Finally, the “System for treatment of developmental verbal apraxia” (8) is a listed patent used to improve word formation among patients diagnosed with apraxia of speech. The system’s kit includes a selected single-syllabic word cards in a specific order that forms a multi-syllabic word, which is also represented on a card. The multi-syllabic word is cut into single-syllabic sections that can be represented as words. The child is required to pronounce each single-syllabic section separately but in order so it superficially creates the multi-syllabic word.

The Initial Phoneme Cue Technique

One of the techniques that promote word forming among CAS patients is called Initial Phoneme Cue (IPC) which involves prompting the first syllable of the word. IPC is usually used as a word retrieval technique for anomia, which is a problem in lexical access to the word form (9,10). Ziegler & Wunderlich (11) found that the IPC technique was beneficial for children with CAS by shortening naming latencies. Hillis (12) argues that IPC can help in word retrieving for patients with Aphasia but the effect diminishes with time.

The IPC contains two kinds of information; auditory and visual. The auditory information leads the patient to the next phonemes of the word. The visual information shows the patient how to pronounce the first phoneme. Visual information from the speaker‘s face enhances intelligibility – in normal hearing conditions and, even more so, in noisy environments (11). Further information of how to exactly perform the IPC technique can be found in the appendix.

Motor learning and speech

Speech involves complex motor movements and is the most complicated timed movement in the body. Each word production involves 100 muscles that need accurate and very fine tuning (13). The general motor learning principles can be applied to motor speech control in order to improve motor speech ability especially among patients diagnosed with CAS.

Knock, Ballard, Robin & Schmidt (14) investigated the application of a principle of motor learning (15), namely random practice and compared it to blocked practice as a mechanism to treat apraxia of speech in two patients, focusing on production of plosives and fricatives. Random practice is claimed to be more beneficial in terms of generalization and maintenance than blocked practice (15). In their study, Knock et al. (14) found that although trained practice sounds improved, there was no generalization to novel responses in either the random or the blocked condition. However, retention was better following random practice than following blocked practice. In addition, performance was less variable in random practice conditions than in blocked practice conditions.

The VML method (16) has been developed over the last 13 years in Israel in the Hebrew language. The beginning of the development was an intuitive field work with a 4 year old autistic child who also had CAS. The method has been expanded over the years using hundreds of different cases in a grounded theory research process (17). There has been subsequent development of treatment and evaluation tools, developing algorithms of the method, collecting data from hundreds of treatment processes and training therapists.

The VML is an organized, structured method that includes evaluation, analysis, techniques and treatment principles that promote speech via motor intervention. The system is based on two basic elements. The first is tactile and kinesthetic cues for every phoneme, syllable and word form. The second element is motor learning principles that enable thorough analysis and influence on the therapist’s decision making process.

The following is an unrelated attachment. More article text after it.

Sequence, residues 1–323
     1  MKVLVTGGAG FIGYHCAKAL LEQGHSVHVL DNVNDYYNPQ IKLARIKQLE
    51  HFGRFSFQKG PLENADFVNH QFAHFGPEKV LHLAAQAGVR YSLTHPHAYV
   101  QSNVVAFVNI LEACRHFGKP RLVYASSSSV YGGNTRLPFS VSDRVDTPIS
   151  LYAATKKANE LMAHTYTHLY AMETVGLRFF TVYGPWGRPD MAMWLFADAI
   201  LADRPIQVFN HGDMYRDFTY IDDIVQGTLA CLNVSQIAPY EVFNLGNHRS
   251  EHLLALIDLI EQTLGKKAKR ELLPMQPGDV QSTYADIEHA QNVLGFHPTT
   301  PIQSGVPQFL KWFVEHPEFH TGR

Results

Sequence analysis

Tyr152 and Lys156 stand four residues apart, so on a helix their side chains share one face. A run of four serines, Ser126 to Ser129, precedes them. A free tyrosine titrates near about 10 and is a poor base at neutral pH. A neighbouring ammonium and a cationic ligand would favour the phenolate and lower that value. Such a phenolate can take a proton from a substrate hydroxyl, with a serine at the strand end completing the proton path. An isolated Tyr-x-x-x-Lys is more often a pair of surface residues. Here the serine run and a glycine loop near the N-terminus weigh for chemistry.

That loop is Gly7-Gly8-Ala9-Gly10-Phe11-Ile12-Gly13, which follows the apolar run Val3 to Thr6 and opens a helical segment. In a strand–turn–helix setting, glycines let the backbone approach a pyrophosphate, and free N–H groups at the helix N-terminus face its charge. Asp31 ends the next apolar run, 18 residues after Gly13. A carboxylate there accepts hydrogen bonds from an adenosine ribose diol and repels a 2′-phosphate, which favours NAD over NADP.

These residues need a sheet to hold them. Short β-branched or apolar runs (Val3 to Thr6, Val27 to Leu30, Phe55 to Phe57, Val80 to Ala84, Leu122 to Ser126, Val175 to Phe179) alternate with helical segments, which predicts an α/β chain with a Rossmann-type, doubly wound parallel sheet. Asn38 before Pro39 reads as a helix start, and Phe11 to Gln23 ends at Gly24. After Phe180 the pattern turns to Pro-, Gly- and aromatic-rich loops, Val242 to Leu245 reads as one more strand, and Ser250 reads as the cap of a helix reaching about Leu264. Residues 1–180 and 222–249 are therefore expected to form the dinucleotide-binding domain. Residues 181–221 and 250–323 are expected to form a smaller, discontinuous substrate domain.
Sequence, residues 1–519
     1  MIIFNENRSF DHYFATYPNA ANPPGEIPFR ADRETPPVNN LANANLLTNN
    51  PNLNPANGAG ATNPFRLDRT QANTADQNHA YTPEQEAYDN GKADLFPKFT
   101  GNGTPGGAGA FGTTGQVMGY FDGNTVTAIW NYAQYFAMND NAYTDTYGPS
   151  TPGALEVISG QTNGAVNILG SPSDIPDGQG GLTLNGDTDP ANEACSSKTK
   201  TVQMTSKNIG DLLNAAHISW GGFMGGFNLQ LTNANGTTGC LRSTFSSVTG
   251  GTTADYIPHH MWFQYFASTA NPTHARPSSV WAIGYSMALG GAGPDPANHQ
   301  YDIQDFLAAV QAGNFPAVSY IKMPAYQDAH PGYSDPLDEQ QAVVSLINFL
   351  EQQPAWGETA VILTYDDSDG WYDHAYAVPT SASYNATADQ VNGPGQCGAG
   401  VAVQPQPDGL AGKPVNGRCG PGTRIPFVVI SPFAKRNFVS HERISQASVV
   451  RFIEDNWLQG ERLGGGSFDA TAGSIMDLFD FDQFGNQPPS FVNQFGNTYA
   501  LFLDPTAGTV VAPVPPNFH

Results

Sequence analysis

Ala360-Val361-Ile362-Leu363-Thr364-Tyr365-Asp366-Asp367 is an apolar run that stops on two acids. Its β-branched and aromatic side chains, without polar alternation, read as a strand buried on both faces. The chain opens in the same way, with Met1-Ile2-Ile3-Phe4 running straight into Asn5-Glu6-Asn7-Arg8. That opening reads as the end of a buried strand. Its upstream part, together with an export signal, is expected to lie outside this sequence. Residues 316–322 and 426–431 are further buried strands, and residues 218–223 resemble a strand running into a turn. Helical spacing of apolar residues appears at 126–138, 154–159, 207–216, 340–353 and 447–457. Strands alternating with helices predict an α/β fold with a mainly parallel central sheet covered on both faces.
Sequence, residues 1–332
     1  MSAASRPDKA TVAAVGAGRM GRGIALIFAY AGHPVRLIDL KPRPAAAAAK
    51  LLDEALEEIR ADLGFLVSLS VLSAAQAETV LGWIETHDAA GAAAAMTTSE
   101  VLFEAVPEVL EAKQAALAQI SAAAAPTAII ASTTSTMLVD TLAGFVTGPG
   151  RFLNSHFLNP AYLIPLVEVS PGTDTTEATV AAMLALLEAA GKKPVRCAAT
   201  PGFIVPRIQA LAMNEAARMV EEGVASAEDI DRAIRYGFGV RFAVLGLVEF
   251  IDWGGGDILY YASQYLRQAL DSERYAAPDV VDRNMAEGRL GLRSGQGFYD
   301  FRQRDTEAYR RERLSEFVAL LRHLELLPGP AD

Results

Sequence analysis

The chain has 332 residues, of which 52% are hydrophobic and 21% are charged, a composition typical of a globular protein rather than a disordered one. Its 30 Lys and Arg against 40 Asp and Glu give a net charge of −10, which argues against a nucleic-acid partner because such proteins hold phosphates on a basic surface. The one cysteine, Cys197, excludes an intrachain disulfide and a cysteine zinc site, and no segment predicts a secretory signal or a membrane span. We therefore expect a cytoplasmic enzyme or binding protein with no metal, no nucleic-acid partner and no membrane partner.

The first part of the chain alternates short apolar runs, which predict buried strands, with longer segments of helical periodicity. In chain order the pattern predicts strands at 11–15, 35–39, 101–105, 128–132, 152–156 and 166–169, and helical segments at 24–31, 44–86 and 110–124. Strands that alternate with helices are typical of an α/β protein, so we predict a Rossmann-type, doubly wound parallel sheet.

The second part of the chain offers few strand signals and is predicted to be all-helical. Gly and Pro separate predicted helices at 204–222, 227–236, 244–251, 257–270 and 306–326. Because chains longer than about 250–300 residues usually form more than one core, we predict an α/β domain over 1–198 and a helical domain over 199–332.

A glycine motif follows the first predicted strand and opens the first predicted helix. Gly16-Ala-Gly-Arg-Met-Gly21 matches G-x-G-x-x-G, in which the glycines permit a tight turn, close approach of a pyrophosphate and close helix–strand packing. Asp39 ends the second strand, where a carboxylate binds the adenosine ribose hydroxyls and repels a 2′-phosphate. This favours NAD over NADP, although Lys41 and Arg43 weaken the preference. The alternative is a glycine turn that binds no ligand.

The reasoning behind the IPC technique

In Hebrew, most of the words include 2 syllables or more. There are relatively few words built from one open syllable (CV format – consonant + vowel) and a larger group of words built form one closed syllable (CVC format). For a child diagnosed with severe CAS, the production of a single phoneme might be a difficult motor task so a CV format is even harder. A CVC format would require even more capabilities etc. Any combination of two phonemes together is two separate tasks which are difficult. At the beginning of the process the child can’t handle so many motor tasks consecutively. The hierarchical process of the treatment is to build the ability to control the basic motor task (phoneme = consonant or vowel) by creating a motor scheme for each task. The second stage is to put two basic motor tasks together (consonant + vowel) to create a new motor scheme (open syllable, e.g. Ba, Gu, Ta). After creating the open syllable as a solid, controlled motor scheme the patient can move to the next level of putting two syllables together to build a more complex motor scheme. In Hebrew that will be his/her first complex word.

The IPC technique helps the patient to build a motor scheme of the format CVCV. The difficulty in imitating two open syllables is both phonological and motor. In the phonological aspect, the difficulty is to organize the chain of syllables in the correct sequence. A known phenomenon is backwards pronunciation that occurs at 2-3 years of age when the child put the syllables in backwards order. The motor difficulties evolve from the change in the articulator’s way of action and the quick timing needed for that. It can be manifest in different types of errors such as stopping, vowel replacement, vowel drop, consonant replacement etc. Not necessarily the specific error of a syllable pronunciation is syllable based problem if the same single syllable can be pronounced correctly not within the word formation.

In order to practice word formation the ability to pronounce each syllable within the word should be intact. The IPC unique strategy deals with the core problem itself – putting those two sounds together, while offering the precise support needed.

The purpose of this study is to examine the effect of the IPC technique according to the VML’s protocol, in treating word formation among a child diagnosed with CAS.